Potent enzyme inhibitors derived from dromedary heavy-chain antibodies: EMBO J.

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TypeArticle
Journal titleEMBO J.
Volume17
Issue13
Pages35123520; # of pages: 9
SubjectACTIVE-SITE; alpha-Amylases; Amino Acid Sequence; Animals; antagonists & inhibitors; Antibodies; antibody; Antibody Affinity; Antibody Specificity; assay; Blood; Camels; Carbonic Anhydrase Inhibitors; Carbonic Anhydrases; Cattle; CHAIN; CHAINS; classification; DOMAIN; ENZYME; Enzyme Inhibitors; enzymes; Escherichia; Escherichia coli; ESCHERICHIA-COLI; genetics; Humans; Immunization; Immunoglobulin Heavy Chains; Immunoglobulin Variable Region; immunology; INHIBITOR; INHIBITORS; isolation & purification; Light; Male; metabolism; Mice; Molecular Sequence Data; POTENT; protein; Proteins; Recombinant Fusion Proteins; REGION; Sequence Alignment; SITE; Swine; synthetic
AbstractEvidence is provided that dromedary heavy-chain antibodies, in vivo-matured in the absence of light chains, are a unique source of inhibitory antibodies. After immunization of a dromedary with bovine erythrocyte carbonic anhydrase and porcine pancreatic alpha-amylase, it was demonstrated that a considerable amount of heavy-chain antibodies, acting as true competitive inhibitors, circulate in the bloodstream. In contrast, the conventional antibodies apparently do not interact with the enzyme's active site. Next we illustrated that peripheral blood lymphocytes are suitable for one-step cloning of the variable domain fragments in a phage-display vector. By bio-panning, several antigen-specific single-domain fragments are readily isolated for both enzymes. In addition we show that among those isolated fragments active site binders are well represented. When produced as recombinant protein in Escherichia coli, these active site binders appear to be potent enzyme inhibitors when tested in chromogenic assays. The low complexity of the antigen-binding site of these single-domain antibodies composed of only three loops could be valuable for designing smaller synthetic inhibitors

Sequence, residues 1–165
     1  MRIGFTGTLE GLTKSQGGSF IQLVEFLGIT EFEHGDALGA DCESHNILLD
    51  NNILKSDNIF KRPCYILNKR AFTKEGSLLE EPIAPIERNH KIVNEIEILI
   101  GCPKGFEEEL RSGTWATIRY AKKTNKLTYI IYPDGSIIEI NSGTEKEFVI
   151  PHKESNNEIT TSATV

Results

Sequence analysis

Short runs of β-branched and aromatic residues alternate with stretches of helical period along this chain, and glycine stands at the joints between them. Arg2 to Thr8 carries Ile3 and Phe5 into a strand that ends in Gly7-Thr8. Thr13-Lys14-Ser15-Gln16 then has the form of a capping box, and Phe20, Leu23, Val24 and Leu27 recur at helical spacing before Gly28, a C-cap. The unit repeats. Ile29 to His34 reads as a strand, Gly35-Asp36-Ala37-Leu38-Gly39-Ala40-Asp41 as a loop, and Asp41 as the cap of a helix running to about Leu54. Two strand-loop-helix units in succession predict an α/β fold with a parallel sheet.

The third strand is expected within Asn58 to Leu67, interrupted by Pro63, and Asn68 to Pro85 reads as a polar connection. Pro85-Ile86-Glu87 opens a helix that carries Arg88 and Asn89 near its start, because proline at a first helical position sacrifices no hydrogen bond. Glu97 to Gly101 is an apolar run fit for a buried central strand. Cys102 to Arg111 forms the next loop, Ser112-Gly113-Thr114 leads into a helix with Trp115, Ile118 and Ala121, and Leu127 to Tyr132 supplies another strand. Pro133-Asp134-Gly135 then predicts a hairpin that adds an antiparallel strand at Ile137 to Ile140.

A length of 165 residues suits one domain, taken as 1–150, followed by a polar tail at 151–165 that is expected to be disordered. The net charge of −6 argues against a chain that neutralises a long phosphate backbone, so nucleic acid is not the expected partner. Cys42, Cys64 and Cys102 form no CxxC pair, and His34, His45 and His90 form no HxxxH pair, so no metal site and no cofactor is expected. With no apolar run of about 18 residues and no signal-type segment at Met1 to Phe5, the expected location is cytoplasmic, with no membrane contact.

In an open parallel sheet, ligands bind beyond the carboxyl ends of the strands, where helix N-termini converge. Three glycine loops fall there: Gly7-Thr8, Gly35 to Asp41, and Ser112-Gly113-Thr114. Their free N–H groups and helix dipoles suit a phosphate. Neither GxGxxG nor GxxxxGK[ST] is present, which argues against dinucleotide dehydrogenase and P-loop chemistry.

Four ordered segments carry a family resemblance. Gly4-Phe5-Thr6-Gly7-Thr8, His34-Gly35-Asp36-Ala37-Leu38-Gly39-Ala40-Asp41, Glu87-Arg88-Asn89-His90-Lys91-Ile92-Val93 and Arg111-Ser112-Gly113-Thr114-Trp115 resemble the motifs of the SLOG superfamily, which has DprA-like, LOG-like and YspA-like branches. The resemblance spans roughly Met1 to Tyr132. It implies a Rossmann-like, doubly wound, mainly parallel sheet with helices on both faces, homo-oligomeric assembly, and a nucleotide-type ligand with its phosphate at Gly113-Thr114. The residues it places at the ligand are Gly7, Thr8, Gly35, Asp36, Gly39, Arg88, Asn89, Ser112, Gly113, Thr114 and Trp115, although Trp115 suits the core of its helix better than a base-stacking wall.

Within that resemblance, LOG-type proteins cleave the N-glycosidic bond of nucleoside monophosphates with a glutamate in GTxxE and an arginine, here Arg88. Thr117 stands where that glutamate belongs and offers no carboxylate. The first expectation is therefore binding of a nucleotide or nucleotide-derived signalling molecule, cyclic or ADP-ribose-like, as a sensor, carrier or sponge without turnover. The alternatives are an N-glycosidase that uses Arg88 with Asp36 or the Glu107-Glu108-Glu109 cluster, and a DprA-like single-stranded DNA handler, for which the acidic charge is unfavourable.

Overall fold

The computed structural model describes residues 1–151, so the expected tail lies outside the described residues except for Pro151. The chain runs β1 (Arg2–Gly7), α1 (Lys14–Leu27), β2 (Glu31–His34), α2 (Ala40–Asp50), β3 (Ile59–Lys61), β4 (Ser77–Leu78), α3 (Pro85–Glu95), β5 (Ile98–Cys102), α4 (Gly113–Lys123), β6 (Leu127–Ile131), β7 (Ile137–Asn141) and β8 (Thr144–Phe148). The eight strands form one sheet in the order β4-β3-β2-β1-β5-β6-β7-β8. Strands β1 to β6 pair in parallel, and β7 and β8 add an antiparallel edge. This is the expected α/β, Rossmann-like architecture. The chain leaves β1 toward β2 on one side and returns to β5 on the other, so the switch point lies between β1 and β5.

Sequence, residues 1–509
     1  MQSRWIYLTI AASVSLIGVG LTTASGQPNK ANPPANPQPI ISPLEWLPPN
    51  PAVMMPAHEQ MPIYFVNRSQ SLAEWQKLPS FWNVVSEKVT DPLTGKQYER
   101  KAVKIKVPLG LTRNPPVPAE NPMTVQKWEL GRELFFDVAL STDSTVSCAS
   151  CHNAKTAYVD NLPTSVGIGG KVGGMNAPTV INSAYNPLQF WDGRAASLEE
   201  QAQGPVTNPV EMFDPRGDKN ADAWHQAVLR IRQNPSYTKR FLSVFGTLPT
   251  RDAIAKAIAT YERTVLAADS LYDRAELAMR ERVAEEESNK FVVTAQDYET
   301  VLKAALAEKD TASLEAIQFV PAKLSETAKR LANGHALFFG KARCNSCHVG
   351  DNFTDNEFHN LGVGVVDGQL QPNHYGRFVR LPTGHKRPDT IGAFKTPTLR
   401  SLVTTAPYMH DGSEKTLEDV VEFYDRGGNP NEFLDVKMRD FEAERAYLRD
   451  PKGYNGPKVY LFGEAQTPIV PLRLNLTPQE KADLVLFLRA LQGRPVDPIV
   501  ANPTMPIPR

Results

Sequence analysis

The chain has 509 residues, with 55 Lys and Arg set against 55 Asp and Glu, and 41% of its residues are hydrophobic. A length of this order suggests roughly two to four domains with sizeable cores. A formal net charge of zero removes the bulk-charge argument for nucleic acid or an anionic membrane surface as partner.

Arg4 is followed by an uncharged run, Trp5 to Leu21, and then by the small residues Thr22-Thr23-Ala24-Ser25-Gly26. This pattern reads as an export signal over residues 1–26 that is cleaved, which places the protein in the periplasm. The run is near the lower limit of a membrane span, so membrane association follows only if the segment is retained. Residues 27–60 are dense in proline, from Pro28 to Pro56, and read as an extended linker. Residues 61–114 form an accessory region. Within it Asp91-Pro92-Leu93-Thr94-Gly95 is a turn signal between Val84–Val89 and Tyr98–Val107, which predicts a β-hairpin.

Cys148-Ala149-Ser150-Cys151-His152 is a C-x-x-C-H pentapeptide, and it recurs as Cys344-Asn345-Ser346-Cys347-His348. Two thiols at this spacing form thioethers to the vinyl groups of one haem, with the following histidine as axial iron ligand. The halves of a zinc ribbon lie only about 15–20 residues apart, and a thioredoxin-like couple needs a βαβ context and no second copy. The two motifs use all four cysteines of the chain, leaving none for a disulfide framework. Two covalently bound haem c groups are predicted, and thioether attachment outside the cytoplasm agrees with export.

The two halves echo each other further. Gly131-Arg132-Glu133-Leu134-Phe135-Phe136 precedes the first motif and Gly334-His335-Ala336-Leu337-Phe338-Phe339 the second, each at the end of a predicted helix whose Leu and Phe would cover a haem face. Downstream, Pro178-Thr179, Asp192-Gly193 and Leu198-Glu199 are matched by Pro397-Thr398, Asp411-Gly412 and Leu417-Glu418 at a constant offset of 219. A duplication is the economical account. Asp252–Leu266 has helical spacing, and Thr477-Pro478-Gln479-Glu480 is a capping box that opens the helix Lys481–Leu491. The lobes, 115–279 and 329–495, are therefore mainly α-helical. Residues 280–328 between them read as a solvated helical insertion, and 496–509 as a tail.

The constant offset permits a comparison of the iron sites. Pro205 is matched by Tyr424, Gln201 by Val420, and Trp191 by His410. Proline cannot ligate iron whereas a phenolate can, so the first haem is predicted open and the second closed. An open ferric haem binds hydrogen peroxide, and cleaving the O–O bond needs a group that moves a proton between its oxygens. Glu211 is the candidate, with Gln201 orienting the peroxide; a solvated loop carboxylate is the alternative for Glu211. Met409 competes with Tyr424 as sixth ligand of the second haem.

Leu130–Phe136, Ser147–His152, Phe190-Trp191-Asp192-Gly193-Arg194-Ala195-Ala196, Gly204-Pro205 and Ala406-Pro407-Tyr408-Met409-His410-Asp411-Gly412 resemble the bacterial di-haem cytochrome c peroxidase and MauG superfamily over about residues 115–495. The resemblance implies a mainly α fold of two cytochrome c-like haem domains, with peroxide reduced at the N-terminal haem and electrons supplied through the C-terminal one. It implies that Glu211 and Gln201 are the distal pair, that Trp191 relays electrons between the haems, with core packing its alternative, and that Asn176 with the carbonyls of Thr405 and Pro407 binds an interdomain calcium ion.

Publication date
LanguageEnglish
AffiliationNRC Institute for Biological Sciences; National Research Council Canada
Peer reviewedNo
NRC numberLAUWEREYS1998
NPARC number9385901
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Record identifier6343c7a0-8bb5-421a-9af1-6f96ddf3ee21
Record created2009-07-10
Record modified2016-05-09
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